When you need to find someone to fulfill a new role or take over an existing one, it can be tempting to resort to standard hires. That is individuals with years of full-time experience who have no gaps in their resume. While these hires certainly are essential, not looking outside this narrow definition of a good hire can do your business a disservice.
There are many different types of employees whose credentials or background may differ from a standard hire, but who bring a host of other advantages to the table. If you’re curious about who we mean, read on to discover 4 types of employees you should consider hiring. Broadening your search will create a more diverse workplace and also bring about new ideas, experiences, and insights to your team.
1. Parents Returning to Work
Returning to work after child-rearing can be incredibly challenging. Not only do stay at home moms and dads often face discrimination when applying for jobs, but they may also continue to experience it during the interview stages or after being hired. It’s an unfortunate reality that can only be changed by open-minded employers and accommodating working arrangements.
So, what are the advantages of hiring a parent who wishes to return to work? The Huffington Post’s article “10 Reasons You Should Hire a Stay-at-Home Mom“ highlights a multitude of reasons why stay at home parents make great employees, from their time management skills to their second-to-none planning skills. Some parents may wish to return to work part-time while continuing their parenting duties, while others will want to return to work full-time. Offering flexibility and the opportunity for different types of work arrangements will ensure you don’t miss out on a great hire who just so happens to be a parent.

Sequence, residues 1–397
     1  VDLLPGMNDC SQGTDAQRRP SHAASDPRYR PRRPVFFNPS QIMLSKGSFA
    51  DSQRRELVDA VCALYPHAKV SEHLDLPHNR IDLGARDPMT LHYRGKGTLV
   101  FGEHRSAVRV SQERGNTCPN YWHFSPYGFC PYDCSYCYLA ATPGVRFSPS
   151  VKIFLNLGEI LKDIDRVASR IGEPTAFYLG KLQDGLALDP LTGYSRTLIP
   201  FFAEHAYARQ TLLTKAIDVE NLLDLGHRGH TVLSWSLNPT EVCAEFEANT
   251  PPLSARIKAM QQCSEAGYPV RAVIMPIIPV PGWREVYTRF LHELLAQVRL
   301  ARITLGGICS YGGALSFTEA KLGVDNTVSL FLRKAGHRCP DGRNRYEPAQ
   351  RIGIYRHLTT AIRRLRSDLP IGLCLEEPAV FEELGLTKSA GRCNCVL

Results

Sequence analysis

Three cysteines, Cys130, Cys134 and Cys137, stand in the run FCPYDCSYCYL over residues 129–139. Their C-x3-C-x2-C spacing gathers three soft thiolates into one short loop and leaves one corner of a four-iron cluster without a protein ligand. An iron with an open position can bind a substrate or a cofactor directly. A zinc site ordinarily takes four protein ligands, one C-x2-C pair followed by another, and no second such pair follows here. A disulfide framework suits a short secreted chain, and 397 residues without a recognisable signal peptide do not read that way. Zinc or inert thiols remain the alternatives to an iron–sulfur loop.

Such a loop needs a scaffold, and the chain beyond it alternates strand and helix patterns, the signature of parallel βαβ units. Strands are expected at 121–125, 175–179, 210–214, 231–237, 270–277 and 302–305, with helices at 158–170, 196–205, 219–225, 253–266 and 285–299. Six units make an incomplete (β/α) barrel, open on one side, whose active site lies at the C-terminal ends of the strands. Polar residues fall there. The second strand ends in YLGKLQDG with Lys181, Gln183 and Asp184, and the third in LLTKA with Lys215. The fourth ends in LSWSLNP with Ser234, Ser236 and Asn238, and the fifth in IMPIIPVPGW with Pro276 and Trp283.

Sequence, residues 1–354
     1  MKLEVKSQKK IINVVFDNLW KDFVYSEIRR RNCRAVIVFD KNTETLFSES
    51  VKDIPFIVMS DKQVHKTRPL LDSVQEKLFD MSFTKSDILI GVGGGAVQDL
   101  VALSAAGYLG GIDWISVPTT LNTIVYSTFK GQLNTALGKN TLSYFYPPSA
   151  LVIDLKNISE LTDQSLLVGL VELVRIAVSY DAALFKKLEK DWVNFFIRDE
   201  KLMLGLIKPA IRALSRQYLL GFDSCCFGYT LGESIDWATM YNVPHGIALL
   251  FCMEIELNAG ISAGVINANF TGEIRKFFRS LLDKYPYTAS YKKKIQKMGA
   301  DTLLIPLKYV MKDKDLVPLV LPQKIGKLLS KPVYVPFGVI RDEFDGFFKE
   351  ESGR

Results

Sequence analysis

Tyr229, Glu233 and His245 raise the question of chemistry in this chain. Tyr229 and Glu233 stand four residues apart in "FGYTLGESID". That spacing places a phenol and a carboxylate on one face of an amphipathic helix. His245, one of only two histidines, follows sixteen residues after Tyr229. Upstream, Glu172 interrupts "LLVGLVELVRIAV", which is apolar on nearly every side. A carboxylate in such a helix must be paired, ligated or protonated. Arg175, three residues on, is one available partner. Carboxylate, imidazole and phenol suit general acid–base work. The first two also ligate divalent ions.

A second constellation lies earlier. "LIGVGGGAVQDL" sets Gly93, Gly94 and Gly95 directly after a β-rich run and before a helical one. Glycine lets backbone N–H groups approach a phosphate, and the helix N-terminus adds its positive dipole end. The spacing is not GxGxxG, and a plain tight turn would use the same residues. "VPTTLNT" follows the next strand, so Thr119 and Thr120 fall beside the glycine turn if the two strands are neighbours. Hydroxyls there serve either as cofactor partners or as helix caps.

2. Temp to Hires
In case you haven’t come across this term, it may change the game for your hiring practices. As Wonolo explains, temp to hire roles is “often between three to six months, with the possibility of an extension or a permanent hire at the end of the temporary period.” Sounds pretty straightforward, right?
Temp to hire roles provide employers with flexibility and also the opportunity to vet a potential employee before bringing them on full time. Despite the many benefits these hires offer, some employers are reluctant to bring them on board. Perhaps they think the paperwork will be too complex, or the situation a bit too ambiguous. In fact, with a clear contract and proper communication of expectations, these worries can be put to rest.
Whether or not interns are worth hiring is a topic of debate. Of course, some interns may be more trouble than they’re worth. However, there are many interns who have made great contributions to the company they intern at and have even gone on to work their way up the company ladder.
Interns often bring fresh perspectives, enthusiasm, and innovative thinking to the workplace. Sadly, some companies do not give them the opportunity to offer these qualities as they have them doing menial tasks like fetching coffee. If you do choose to hire an intern, make the most of the arrangement by making sure they have a mentor to take them under their wing. You never know, your intern might be the next big thing in your industry, so give them the chance to thrive and you’ll be rewarded for your efforts.
4. Former Self Employed Workers
One of the employee types some employers shy away from are former self-employed workers. As these workers have may not have worked in a typical work setting for a while, they may have a small to a substantial gap in their office-based work history. But why should that be seen as a detriment?
As Forbes points out, individuals with experience working for themselves shouldn’t be dismissed as they can offer businesses a lot of unique qualities. For example, they may show drive and determination, as well as a willingness to “get in the trenches.” Of course, every candidate is different, so it’s important to allow them to present their case to you for consideration.